Response to an Internet Troll

There’s this guy out there whose decided his sole purpose in life is to troll me. This is what he wrote in a (deleted) comment: “You actually just fucking suck at writing, which is why nobody buys your furry-fantasy bullshit.”

Now the best thing to do is to just ignore him and let him go away. But I’m not, for this post only, to make a larger point.

The reality is, as much as I rant and rave about sales on twitter, A Clear and Feathered Danger, sales numbers wise, has done alright for a self-published book with extremely limited appeal in an over saturated market during an economic downturn. The review consensus  seems to be, for all it faults, the book tells an  entertaining story. (On Amazon, it has a 4.3 rating. On Goodreads, 4.0)

I could go on, but any explanation is lost on him, because his mind is made up, he’s targeting me to make himself feel better. He’s a broken, empty person who attempts to find meaning in life by attacking other people who feel they’re beneath him. I am an easy target, I’m autistic, have problems proofreading(applies to blog posts as I pay people to edit my books, I’d go broke if I had to pay for blog proofreaders) and my work can be a little ridiculous. Still pretending to be some one I’m not only makes me feel worse. On the other hand, that troll’s  identity is obscure and he reveals nothing about himself. His twitter icon obscures his face. He is anonymous and that’s the way he likes it, if he bared who he tuely was, the world would see he “has no clothes.”

Sure I piss off a lot of people with my highly controversial sales strategy, but its something which works for me, and something I don’t do all that often to my sales detriment precisely because it pisses people off. Most of my time on twitter is spent talking about media and pop culture. And those people who disagree  with me and get in arguments with on twitter, they either block me or I block them and that’s the end of it. I don’t go after these people and they don’t go after me, because we have better things to do with our time.

Trolls like the man i’m referencing are not going to make me stop writing and go away, he can’t, because of those people who tell me to keep writing, to keep doing what I’ve been doing. If they weren’t there, I wouldn’t be here, and that’s the honest truth.

Even if I fail in this endeavor, I can live on knowing that i gave it my all. I did something constructive with my time. But trolls post flames or even go as far to post 1 star reviews of stuff they haven’t read, destroying my sales. And for what? A few seconds of euphoria that quickly fade. I pity them really.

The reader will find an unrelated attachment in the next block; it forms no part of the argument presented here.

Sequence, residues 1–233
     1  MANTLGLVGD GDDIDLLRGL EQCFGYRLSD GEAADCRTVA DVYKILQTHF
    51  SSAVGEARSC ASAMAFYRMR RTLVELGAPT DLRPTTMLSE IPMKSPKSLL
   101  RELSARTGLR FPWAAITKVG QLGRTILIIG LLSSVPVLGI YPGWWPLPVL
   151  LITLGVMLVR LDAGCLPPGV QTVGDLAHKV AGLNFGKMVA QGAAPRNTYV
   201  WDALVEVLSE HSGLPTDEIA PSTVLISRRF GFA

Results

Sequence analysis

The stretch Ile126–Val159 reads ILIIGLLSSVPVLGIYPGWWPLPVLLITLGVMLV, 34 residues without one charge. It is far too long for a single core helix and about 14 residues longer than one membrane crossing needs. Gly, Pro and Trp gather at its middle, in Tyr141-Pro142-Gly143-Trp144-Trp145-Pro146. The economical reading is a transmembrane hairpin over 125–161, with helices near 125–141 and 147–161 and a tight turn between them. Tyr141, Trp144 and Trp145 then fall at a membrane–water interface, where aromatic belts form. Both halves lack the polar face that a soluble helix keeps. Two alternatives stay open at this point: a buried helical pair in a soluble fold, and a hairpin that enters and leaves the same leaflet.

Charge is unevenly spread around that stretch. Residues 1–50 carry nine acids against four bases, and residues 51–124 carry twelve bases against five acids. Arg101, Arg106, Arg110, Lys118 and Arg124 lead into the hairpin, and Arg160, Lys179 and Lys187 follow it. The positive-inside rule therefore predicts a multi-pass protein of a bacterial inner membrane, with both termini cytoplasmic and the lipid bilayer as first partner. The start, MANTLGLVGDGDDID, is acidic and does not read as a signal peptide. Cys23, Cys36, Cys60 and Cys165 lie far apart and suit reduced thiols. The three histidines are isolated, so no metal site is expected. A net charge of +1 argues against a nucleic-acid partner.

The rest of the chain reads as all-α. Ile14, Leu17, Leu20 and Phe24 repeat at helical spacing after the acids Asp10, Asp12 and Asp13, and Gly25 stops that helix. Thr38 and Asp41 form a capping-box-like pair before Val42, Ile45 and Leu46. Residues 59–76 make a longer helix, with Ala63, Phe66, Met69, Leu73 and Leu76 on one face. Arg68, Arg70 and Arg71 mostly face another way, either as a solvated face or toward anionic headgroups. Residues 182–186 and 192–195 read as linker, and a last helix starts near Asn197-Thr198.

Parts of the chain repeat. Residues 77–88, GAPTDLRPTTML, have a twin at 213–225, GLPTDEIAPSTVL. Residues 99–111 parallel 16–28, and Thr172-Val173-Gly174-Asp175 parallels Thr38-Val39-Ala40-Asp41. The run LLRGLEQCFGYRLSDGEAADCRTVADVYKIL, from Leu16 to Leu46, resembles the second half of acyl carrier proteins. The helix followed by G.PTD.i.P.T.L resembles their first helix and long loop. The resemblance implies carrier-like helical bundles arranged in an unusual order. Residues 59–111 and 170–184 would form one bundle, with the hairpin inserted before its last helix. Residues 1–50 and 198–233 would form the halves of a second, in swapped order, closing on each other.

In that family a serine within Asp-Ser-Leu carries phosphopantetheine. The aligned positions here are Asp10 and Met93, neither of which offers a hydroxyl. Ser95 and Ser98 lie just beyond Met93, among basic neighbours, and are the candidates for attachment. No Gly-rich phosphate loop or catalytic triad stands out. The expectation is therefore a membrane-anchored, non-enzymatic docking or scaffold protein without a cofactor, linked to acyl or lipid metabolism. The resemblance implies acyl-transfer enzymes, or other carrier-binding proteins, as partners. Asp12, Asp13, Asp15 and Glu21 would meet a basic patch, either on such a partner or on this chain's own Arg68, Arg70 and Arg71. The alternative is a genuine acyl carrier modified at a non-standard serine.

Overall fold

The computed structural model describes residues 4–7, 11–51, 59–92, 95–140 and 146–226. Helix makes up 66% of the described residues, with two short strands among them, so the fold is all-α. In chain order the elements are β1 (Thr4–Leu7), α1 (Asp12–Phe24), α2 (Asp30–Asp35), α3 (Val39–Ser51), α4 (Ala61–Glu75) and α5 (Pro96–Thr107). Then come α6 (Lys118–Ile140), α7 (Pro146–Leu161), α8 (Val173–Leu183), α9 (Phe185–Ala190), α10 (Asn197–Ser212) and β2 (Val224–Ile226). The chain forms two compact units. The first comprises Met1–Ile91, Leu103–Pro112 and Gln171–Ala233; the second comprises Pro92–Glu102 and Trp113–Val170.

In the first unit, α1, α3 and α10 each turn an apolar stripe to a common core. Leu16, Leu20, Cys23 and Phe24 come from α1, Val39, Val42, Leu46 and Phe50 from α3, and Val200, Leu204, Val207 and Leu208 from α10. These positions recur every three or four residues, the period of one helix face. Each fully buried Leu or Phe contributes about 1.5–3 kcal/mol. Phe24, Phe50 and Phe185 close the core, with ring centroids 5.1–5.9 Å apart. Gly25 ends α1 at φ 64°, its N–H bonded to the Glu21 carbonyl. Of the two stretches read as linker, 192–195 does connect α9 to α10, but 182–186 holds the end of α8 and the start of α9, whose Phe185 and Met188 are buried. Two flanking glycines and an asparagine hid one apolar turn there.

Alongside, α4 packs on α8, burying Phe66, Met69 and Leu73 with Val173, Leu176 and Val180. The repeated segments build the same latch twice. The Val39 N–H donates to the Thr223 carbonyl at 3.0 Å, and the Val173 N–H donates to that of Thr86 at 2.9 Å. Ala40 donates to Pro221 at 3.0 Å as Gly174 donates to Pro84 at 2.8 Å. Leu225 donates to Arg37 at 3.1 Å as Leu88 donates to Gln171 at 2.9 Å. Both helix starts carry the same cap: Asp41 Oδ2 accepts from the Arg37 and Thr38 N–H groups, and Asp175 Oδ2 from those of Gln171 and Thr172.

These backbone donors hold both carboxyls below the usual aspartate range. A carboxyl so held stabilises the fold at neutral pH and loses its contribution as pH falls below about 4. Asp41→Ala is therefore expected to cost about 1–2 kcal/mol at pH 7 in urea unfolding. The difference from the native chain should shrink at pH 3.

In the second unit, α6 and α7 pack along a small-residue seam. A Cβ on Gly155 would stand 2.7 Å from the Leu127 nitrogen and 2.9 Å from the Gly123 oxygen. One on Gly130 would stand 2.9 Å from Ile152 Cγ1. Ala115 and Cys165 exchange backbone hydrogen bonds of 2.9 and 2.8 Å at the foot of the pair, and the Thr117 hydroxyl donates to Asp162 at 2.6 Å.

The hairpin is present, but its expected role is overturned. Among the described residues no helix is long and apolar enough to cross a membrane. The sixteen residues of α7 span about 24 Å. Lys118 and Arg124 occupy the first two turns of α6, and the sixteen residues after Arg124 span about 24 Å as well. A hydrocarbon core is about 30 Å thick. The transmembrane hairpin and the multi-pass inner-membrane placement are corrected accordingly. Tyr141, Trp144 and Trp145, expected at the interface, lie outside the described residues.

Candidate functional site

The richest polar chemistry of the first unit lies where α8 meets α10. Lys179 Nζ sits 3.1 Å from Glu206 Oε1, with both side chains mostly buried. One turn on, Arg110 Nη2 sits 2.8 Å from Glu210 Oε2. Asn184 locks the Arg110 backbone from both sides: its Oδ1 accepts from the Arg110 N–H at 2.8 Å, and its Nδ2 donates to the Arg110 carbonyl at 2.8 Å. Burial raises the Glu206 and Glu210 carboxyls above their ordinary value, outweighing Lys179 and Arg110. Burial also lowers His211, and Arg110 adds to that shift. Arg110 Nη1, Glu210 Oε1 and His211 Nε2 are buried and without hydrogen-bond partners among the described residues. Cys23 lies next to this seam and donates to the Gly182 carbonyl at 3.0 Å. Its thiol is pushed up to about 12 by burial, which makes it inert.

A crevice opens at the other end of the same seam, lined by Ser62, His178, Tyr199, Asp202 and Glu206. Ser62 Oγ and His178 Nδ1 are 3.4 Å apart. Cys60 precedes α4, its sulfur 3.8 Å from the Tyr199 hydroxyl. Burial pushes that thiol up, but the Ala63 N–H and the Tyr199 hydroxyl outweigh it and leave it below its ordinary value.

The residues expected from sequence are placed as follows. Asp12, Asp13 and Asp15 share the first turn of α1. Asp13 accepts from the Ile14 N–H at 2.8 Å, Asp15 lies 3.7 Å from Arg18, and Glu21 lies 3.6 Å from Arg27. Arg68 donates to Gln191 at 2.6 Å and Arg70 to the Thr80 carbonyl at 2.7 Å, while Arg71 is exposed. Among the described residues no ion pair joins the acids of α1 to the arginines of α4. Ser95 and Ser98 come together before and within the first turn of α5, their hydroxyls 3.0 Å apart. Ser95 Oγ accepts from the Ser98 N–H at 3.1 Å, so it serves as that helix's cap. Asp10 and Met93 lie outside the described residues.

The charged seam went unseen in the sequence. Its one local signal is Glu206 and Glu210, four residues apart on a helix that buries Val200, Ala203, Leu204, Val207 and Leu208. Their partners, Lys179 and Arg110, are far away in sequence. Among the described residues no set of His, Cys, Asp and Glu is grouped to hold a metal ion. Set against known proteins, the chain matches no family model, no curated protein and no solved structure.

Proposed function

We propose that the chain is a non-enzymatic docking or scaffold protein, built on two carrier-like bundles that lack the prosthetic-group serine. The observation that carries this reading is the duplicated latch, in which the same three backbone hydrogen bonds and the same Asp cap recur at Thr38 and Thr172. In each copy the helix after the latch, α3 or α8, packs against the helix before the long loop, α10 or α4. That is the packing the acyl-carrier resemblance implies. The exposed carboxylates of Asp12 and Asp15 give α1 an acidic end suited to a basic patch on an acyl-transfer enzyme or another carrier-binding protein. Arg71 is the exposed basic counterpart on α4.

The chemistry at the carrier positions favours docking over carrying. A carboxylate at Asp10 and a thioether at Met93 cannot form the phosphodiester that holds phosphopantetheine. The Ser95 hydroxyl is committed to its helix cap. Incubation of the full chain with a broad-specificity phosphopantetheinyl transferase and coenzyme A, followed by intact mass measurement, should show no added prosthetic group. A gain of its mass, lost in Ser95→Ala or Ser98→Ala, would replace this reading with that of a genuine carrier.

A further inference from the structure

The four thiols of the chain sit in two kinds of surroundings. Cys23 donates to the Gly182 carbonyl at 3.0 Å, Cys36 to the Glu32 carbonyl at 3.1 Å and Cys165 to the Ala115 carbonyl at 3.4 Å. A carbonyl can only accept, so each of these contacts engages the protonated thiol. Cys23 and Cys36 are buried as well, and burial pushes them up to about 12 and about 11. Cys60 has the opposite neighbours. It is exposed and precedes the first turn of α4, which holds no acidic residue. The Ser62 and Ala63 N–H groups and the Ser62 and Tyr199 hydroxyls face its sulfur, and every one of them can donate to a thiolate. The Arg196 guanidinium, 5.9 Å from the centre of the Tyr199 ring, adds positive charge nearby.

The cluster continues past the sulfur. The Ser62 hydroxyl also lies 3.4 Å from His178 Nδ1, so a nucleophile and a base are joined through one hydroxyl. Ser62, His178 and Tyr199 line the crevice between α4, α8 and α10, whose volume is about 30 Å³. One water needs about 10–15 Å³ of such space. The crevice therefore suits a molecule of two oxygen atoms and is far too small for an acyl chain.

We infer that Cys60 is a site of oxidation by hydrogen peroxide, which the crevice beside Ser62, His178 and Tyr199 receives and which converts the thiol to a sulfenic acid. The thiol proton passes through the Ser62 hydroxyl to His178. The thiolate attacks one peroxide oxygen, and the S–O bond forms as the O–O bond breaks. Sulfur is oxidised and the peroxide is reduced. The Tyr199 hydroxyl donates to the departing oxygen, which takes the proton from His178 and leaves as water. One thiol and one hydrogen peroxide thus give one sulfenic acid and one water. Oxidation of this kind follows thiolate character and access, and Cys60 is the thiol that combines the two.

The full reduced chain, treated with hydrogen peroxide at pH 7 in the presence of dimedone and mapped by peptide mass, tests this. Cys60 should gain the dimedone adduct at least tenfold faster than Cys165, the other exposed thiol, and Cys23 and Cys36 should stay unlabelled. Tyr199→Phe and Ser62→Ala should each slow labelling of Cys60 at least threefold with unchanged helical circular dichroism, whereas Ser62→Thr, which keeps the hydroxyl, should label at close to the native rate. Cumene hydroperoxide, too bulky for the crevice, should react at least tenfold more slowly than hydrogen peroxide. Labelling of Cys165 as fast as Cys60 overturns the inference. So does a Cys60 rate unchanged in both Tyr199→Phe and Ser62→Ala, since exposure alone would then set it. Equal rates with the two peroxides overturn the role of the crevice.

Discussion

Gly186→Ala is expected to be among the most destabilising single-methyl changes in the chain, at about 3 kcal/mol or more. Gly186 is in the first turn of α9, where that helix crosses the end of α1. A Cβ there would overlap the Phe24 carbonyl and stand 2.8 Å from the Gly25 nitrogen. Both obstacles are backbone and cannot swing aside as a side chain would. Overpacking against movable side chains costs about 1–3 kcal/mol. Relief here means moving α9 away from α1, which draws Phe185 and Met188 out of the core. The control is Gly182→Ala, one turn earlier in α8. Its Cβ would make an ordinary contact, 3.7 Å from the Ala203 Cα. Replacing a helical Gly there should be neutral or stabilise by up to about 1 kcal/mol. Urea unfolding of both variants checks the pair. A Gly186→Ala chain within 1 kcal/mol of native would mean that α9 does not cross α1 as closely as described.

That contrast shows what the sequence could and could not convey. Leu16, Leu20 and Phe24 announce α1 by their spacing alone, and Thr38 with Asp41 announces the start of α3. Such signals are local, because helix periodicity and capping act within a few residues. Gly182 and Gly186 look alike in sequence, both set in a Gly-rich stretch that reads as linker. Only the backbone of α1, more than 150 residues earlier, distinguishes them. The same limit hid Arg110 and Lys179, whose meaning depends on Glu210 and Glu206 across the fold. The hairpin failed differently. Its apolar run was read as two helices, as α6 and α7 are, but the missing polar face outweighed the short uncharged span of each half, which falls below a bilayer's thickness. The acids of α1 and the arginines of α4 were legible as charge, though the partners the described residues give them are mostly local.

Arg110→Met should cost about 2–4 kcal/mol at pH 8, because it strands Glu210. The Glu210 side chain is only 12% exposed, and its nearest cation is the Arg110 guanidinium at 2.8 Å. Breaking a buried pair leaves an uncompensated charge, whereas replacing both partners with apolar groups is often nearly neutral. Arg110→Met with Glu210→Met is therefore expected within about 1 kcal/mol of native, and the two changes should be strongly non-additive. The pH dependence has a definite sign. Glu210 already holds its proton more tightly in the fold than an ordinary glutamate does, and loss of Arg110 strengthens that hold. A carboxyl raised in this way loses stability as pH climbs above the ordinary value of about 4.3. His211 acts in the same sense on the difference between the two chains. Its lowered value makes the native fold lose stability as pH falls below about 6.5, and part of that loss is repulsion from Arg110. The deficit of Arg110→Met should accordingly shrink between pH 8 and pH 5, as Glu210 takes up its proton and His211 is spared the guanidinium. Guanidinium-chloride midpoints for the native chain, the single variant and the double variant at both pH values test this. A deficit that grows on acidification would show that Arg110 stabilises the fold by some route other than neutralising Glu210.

Pit bulls are trained to be attack dogs by depriving them of contact with anyone but the owner. So when the owner does bring them out into the world, the dogs attack others out of fear. Internet trolls are people so deprived of meaningful contact, when they contact other people, they lash out because they’re afraid deep down inside; afraid of admitting their own misery.

I might only whip them into even more of a frenzy with this post, but I don’t care, because I know the truth. I’ve written a niche, but decent novella;  they’ve done nothing of merit, and never will until they decide to grow up.

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  • Reply
    January 21, 2012 at 7:37 pm

    A troll, eh? What a pain! I’m really glad that you’re not going to give this waste of skin and oxygen any credence – as you say, you’re doing the thing you love – and recognising that your work isn’t to everyone’s taste (who’s is??).

    Best of luck for your writing in 2012 and here’s hoping that your nasty little troll gives up sometime soon!

  • Reply
    Agatha Raine (@AgathaRaine)
    January 21, 2012 at 10:31 pm

    You have my sympathy. I deal with trolls on a daily basis at my job. You learn to develop a thick skin when working with them, but it’s a whole new level when they’re attacking you or your hard work directly.